21-Jul, 17:40

13:22, April 10 272 0

2017-04-10 13:22:02
Edward Enninful Is Named Editor in Chief at British Vogue

LONDON — Edward Enninful, the creative and fashion director of the American magazine W, is set to replace Alexandra Shulman as editor in chief of British Vogue, its parent company, Condé Nast, confirmed on Monday. The first man and the first black editor to take the helm of Britain’s most powerful fashion publication in its 100-year history, Mr. Enninful will begin his new role Aug. 1.

A top stylist and acclaimed fashion director who migrated to Britain from Ghana as a child, the 45-year-old Mr. Enninful is known for his cheerful demeanor, his legendary fashion covers and for having an army of loyal fans in and out of the fashion business. He received an Order of the British Empire in June for his services to diversity in the fashion industry.

Condé Nast’s international chairman and chief executive, Jonathan Newhouse, called Mr. Enninful “an influential figure in the communities of fashion, Hollywood and music which shape the cultural zeitgeist,” and added that “by virtue of his talent and experience, Edward is supremely prepared to assume the responsibility of British Vogue.”

The appointment comes three months after Mr. Newhouse named another man, Emanuele Farneti, to the helm of Italian Vogue, following the death of Franca Sozzani.

Mr. Enninful was an unexpected choice. Here are four things to know ahead of his arrival at British Vogue’s headquarters in Hanover Square:

Born in Ghana, Mr. Enninful was raised by his seamstress mother in the Ladbroke Grove area of London, alongside five siblings. At 16, he became a model for the British magazine i-D after being scouted while traveling on the Tube, London’s subway system. He has called modeling his “baptism into fashion.”

By 17, he was assisting on photography shoots for the publication with the stylists Simon Foxton and Beth Summers. In 1991, at 18, he took over from Ms. Summers as i-D fashion editor, making him one of the youngest-ever leaders of a major fashion publication. He also obtained a degree from Goldsmiths, University of London.

After two decades at i-D, Mr. Enninful worked for Italian Vogue, American Vogue and most recently W, where he was credited with bringing a more conceptualized, quirky and narrative-driven aesthetic, buoying declining advertiser interest in the magazine.

Mr. Enninful was a driving force behind the “grunge” movement of the 1990s, and he became a contributing editor to Italian Vogue in 1998. He spearheaded the magazine’s “Black Issue,” declaring his intention to end the “white-out that dominates the catwalks and magazines.” The issue was so successful that Condé Nast printed an extra 40,000 copies. Another notable shoot depicted Linda Evangelista in Chanel, her face wrapped in bandages, as if she’d just had plastic surgery.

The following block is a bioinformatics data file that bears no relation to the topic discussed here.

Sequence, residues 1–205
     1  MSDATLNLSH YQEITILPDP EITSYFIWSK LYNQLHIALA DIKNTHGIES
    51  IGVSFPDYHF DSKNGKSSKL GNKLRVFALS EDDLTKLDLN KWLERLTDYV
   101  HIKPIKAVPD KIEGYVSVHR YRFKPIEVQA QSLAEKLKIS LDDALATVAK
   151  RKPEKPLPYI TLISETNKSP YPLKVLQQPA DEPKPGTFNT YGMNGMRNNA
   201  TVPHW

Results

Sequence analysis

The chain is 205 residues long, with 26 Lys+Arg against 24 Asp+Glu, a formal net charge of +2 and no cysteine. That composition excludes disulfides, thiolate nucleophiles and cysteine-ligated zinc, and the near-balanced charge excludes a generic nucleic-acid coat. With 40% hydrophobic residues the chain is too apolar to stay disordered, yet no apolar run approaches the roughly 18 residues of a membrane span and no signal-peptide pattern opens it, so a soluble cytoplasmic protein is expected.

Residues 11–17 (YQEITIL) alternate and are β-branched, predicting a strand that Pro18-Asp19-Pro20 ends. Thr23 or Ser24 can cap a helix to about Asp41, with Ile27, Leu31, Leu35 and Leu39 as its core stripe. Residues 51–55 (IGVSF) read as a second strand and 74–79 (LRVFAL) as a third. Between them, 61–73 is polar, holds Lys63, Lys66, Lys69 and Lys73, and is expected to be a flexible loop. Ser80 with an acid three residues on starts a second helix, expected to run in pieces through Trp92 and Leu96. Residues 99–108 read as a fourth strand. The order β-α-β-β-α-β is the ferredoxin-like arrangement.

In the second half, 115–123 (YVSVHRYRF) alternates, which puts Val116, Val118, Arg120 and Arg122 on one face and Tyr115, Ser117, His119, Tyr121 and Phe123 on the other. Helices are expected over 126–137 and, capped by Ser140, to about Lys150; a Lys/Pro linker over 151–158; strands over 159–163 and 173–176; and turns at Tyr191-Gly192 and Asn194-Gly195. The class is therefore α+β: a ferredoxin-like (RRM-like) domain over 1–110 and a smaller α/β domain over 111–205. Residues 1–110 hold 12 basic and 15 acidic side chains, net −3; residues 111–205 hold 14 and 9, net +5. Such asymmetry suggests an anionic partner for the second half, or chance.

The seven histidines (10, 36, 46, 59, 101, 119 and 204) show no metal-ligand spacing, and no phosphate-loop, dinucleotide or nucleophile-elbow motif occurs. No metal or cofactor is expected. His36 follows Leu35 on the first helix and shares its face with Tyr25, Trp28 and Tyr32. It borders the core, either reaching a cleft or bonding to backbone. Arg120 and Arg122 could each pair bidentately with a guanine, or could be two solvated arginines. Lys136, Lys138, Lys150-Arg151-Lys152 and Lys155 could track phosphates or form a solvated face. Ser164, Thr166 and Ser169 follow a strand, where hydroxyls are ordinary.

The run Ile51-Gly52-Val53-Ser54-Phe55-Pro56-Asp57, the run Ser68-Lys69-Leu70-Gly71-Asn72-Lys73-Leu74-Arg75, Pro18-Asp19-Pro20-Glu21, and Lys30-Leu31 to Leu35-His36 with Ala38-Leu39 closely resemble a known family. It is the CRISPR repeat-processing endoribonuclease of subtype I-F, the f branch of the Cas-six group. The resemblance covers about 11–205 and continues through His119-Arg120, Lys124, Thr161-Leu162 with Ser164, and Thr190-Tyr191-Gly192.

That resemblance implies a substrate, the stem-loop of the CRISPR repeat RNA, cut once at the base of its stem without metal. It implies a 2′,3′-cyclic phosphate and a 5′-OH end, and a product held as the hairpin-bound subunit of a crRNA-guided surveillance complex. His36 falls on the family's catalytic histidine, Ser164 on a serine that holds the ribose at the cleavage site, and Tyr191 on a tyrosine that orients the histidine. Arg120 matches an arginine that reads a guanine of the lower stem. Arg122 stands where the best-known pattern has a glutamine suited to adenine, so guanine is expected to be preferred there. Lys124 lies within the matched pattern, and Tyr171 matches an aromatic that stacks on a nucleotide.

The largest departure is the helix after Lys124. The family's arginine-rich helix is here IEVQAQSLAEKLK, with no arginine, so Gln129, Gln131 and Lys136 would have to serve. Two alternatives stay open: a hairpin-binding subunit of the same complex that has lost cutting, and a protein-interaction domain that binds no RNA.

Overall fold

Outside his editorial work, Mr. Enninful has guided many of the biggest fashion brands on their advertising campaigns, including Giorgio Armani, Christian Dior, Dolce & Gabbana, Mulberry, Valentino, Calvin Klein, Fendi, Gucci, Hugo Boss and Missoni.

In 2014, Mr. Enninful received the Isabella Blow Award for Fashion Creator at the British Fashion Awards. The prize commemorates a stylist, makeup artist, photographer, art director or producer for outstanding contributions to the sector.

There are few individuals as supremely well connected as Mr. Enninful, who rose through the ranks alongside peers such as the makeup artist Pat McGrath, the photographer Mario Testino and the supermodels Kate Moss and Naomi Campbell. His Rolodex extends far beyond the realms of fashion: His social media accounts groan under the weight of regular congratulations and mutual proclamations of adoration by A-list celebrities including Rihanna, Nicki Minaj and Pharrell. His Twitter profile depicts him standing with Michelle Obama. He is generally known to be gracious and friendly, characteristics that are not traditionally associated with the fashion industry’s uppermost echelons.

Although there are a handful of notable exceptions, the fashion industry has a dearth of black power players, and that had been a source of immense frustration for Mr. Enninful, who has made a considerable effort to improve things. He has made headlines with accusations of racism, including after he was assigned to sit in the second row at a couture show in Paris in 2013 when white “counterparts” were in the first.

Last year, he wore an Alexander McQueen suit and a Turnbull & Asser shirt to the ceremony for his O.B.E., awarded as part of Queen Elizabeth II’s annual birthday honors, for his services to diversify the sector. He brought along his family, and his close friend Naomi Campbell to Buckingham Palace and described the moment as “one of my proudest.”

“If you had told my 18-year-old self that this would one day be possible, He wouldn’t have believed you,” he wrote on Instagram.

He celebrated at the private Mark’s Club in the Mayfair neighborhood.

With his appointment at British Vogue, Mr. Enninful will be the first nonwhite man to edit a mainstream women’s fashion magazine.